Reducing dependency on western medicine and synthetic drugs by  taking responsibility for your own health is a great thing, but  remember that sometimes taking responsibility for your own health means visiting the doctor. While it is well documented that many people successfully treat cancer holistically – your greatest chance of survival is to detect it early (while it is still isolated and treatable) through medical imaging or blood screening.

Perhaps the best way forward is not to debate holistic v western, but rather to embrace the notion of holistic & western.

 

 

Published in Kula Magazine July 2013

 

 

Kayun restaurant: Heart Touch

Translating into something akin to ‘heart touch’ the founding philosophy of Kayun is that “Anything created with a heart will bring happiness, inner peace and positive energy.”

Unless you are lucky enough to be invited to a ceremonial meal in a village, finding a traditional Balinese dining experience can be surprisingly difficult. A visit to the Kayun Restaurant and Lounge in Mas gives a rare insight into the relationship between food and the divine. The setting is utterly enchanting, thatched berugas and a main dining pavilion set amidst a natural garden. Many of the products used at Kayun are homemade, from the brem (rice wine) to coconut oil to soy sauce, and you can watch women at work in the traditional open air kitchen fuelled by a log fire.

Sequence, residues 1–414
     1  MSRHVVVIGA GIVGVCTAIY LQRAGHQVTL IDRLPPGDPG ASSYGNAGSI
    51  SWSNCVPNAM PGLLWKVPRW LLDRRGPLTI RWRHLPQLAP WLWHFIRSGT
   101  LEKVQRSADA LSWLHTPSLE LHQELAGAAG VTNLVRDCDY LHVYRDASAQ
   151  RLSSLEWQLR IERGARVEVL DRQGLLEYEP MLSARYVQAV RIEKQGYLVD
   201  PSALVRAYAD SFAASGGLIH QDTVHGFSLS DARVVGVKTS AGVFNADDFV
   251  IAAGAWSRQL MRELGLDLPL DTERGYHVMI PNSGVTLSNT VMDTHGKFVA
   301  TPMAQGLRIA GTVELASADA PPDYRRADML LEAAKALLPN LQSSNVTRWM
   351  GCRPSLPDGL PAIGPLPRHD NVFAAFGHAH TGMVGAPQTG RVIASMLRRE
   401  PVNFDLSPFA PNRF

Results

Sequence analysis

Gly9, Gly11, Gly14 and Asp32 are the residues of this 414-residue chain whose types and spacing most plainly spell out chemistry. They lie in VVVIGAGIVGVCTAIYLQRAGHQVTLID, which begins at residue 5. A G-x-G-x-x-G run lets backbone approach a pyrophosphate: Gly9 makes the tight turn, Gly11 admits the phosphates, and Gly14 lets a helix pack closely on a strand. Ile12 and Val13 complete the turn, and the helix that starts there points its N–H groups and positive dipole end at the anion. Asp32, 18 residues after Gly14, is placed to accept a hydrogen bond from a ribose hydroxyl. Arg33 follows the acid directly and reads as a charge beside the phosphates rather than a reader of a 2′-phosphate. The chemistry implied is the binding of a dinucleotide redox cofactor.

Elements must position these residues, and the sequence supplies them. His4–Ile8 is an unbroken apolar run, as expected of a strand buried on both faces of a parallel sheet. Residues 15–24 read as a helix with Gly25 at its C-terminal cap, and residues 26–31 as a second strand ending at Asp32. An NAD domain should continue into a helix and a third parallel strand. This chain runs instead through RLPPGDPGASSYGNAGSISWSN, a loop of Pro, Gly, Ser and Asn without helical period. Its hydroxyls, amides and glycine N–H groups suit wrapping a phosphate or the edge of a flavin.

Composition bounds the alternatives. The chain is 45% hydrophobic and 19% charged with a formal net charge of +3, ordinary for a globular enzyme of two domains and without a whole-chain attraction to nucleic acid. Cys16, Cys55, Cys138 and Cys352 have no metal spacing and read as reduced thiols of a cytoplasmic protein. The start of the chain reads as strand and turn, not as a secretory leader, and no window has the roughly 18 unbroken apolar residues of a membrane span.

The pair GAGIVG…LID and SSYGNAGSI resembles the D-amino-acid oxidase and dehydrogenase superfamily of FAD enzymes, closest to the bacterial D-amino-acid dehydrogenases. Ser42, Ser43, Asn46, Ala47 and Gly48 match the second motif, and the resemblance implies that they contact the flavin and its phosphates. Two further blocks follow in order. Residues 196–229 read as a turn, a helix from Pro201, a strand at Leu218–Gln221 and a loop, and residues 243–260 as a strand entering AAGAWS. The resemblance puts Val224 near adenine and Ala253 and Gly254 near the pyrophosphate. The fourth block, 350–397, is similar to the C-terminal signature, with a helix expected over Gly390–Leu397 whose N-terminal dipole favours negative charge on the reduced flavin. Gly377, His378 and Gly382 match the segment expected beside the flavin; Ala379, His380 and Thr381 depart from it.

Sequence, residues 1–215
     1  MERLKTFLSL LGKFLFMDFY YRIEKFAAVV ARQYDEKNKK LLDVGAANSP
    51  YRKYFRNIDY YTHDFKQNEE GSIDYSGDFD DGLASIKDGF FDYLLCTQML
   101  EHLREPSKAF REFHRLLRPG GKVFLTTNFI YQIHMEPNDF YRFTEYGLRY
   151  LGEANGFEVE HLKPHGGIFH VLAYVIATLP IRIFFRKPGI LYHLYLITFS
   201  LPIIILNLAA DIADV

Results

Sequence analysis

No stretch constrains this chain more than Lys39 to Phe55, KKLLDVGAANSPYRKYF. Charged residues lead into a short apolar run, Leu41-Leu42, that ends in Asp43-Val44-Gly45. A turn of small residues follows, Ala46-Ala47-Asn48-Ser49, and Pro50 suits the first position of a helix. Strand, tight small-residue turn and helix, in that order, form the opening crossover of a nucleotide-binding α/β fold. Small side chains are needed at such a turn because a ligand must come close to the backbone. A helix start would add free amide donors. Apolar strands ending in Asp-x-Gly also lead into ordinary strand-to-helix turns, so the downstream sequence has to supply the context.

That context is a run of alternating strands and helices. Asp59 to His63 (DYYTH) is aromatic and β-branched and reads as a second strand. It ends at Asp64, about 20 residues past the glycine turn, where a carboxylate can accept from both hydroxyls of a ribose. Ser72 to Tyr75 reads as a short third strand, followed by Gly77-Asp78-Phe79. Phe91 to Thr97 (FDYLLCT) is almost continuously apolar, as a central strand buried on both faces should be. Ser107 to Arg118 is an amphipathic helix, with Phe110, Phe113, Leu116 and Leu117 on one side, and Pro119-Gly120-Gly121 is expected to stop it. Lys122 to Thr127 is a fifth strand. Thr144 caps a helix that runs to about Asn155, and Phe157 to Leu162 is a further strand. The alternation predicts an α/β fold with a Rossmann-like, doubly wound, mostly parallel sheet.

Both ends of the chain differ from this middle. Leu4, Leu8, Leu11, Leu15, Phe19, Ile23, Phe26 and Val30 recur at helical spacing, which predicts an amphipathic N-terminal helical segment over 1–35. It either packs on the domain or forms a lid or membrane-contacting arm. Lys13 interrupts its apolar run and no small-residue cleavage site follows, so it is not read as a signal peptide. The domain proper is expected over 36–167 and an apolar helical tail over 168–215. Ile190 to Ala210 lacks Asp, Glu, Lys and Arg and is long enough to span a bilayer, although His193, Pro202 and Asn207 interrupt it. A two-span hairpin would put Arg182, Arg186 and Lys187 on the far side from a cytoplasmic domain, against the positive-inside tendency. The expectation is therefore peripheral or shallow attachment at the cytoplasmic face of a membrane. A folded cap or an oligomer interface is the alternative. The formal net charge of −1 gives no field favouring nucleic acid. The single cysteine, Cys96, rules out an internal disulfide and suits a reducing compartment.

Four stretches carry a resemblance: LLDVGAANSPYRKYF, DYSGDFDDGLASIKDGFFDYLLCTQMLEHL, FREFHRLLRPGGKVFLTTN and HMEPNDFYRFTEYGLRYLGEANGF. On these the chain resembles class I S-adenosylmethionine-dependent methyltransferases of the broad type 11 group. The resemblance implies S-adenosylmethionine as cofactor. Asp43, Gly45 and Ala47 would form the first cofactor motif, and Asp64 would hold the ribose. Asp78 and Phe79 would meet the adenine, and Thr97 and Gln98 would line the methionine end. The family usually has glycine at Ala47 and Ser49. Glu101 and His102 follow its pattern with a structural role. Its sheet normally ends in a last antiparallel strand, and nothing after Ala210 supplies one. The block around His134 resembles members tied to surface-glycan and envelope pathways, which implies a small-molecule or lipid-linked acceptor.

Our welcome drink is a rather potent Brem Mojito and we follow with some traditional jamus, including a Loloh Kayun Turmeric, a dark orange concoction made with turmeric, ginger and lemon, and a grassy green Loloh Kayun Saraswati sweetened with honey from Singaraja.